The Roerichs lived in Ulan Bator, the Mongolian People's Republic's capital, from September 1926 to March 1927.
The house-museum officially opened on July 6, 2009, Dalai Lama XIV's birthday. On the eve of the courtyard, an iron stupa made of recycled Soviet tanks was erected in front of the house-museum.
Theater Museum in Ulaanbaatar
The Mongolian Theater Museum is housed in the north wing of the Central Palace of Culture in Ulaanbaatar, just a few steps from Genghis Khan Square.
The museum first opened its doors in 1991. Visitors will learn about the history and creation of traditional Mongolian theater, puppet theater, opera, music, and circus art, as well as documentary and art cinema, at the museum's exposition. Theatre costumes and props, Tsam masks, musical instruments, posters, librettos, programs of plays and circus performances, old images, newspapers and magazines with reviews of premieres of performances, portraits and cinema cameras are among the museum's 9000 exhibits.
These cameras were used to shoot Mongolia's first films, as well as portraits and busts of well-known actors, poets, musicians, and other cultural figures.
Ravdja Dulduytin Danzanravzhaa, the famous Mongolian poet and playwright, founder of the Mongolian theater, and author of the translation of the classic Sanskrit play "The Life of the Moon Cuckoo," which became the country's first documented theatrical production, is honored in one of the museum's halls. The museum provides interesting excursions as well as educational programs for students and schoolchildren.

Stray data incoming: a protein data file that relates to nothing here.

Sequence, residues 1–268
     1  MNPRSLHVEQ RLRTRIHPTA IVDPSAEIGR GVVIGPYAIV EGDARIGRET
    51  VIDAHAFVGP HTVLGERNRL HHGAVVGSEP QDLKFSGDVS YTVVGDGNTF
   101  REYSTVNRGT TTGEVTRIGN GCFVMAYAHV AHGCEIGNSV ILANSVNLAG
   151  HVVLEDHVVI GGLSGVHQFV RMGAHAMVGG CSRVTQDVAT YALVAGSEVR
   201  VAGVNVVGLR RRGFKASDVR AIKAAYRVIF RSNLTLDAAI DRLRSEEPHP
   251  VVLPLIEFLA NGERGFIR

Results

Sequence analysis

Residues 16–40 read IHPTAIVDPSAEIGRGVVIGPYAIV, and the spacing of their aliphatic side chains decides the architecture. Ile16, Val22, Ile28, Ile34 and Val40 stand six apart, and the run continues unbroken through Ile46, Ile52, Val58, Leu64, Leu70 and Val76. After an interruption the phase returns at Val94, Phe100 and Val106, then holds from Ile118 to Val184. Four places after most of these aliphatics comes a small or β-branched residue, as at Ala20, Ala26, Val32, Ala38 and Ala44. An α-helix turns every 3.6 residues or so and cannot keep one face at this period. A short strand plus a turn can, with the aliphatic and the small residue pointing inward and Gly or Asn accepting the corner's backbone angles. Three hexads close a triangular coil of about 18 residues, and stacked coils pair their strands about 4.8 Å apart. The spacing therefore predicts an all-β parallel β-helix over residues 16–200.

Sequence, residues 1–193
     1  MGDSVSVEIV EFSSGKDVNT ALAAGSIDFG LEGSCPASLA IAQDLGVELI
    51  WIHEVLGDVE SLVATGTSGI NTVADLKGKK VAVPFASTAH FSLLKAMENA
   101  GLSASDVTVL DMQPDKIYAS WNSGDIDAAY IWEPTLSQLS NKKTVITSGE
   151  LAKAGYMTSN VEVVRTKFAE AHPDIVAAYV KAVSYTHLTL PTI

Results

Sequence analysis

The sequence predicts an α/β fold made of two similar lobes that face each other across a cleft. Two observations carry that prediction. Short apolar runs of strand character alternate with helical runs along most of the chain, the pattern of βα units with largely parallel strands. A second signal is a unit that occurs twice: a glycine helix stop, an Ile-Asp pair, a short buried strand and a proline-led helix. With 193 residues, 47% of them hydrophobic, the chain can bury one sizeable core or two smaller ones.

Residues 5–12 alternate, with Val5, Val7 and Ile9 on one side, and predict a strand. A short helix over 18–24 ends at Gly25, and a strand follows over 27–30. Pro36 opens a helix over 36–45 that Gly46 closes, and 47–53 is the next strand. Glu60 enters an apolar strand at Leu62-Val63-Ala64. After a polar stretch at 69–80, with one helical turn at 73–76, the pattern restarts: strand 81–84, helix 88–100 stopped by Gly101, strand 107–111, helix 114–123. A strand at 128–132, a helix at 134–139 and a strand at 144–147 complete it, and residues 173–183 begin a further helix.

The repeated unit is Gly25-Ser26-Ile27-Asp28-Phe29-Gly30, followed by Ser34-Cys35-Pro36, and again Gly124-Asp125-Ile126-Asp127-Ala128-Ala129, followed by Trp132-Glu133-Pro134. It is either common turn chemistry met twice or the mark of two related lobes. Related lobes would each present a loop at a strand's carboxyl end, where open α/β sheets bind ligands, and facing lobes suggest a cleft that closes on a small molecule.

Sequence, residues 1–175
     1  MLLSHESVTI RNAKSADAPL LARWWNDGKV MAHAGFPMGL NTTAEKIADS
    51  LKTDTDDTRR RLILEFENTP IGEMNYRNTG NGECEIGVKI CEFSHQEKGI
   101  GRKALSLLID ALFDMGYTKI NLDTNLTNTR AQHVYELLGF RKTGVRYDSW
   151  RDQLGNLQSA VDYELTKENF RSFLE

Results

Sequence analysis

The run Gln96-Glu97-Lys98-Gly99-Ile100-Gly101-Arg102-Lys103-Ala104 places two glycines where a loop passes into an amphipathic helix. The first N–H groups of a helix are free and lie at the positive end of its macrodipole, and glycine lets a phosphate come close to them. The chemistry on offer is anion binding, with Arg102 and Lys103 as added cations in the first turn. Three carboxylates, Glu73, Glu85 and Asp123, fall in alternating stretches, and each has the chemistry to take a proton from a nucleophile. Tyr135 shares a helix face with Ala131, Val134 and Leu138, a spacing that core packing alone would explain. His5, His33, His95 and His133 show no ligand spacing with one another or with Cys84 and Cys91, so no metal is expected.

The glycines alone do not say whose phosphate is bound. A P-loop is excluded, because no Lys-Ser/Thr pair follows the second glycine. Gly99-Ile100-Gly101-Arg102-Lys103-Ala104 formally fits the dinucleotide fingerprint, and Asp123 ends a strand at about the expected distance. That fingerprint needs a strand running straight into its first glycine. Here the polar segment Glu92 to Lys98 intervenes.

Wax Museum in Ulaanbaatar
In Ulaanbaatar, near the famous Mongolian cashmere factory GOBI, is the Museum of Wax Figures of Genghis Khan. The exhibition of Chingiskhan's Wax Figures, which opened in the Theater Museum's premises in 2014, marked the beginning of the museum. Genghis Khan, his mother Oulen-eh, his wife Burte, four sons - Ugedei, Juchi, Tolui, and Kulhan, as well as the great Mongolian generals Börci, Zeav, Zhamuhi, Mouhuu, and Zelme - were among the thirteen wax figures featured in the exhibition.
The wax figures were made by a large group of artists, sculptors, historians, designers, and jewelers; in addition to giving the sculptures the best possible external resemblance to historical figures, the smallest details of clothes, arms, armor, and jewelry were recreated. As a result, the image of Princess Burte, Genghis Khan's wife, was produced using her lifetime portrait from the Taiwan State Museum and Mongolia actor Agvaantserangiin Enkhtayvan, who played the founder of the Great Mongolian Empire in the film "Under the eternal sky."